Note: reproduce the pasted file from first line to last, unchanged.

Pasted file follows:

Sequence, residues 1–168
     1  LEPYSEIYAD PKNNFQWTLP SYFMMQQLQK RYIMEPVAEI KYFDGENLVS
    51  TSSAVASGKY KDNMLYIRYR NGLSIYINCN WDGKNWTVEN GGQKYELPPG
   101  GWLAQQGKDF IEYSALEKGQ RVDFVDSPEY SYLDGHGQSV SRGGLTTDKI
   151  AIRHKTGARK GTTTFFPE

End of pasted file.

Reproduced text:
Sequence, residues 1–168
     1  LEPYSEIYAD PKNNFQWTLP SYFMMQQLQK RYIMEPVAEI KYFDGENLVS
    51  TSSAVASGKY KDNMLYIRYR NGLSIYINCN WDGKNWTVEN GGQKYELPPG
   101  GWLAQQGKDF IEYSALEKGQ RVDFVDSPEY SYLDGHGQSV SRGGLTTDKI
   151  AIRHKTGARK GTTTFFPE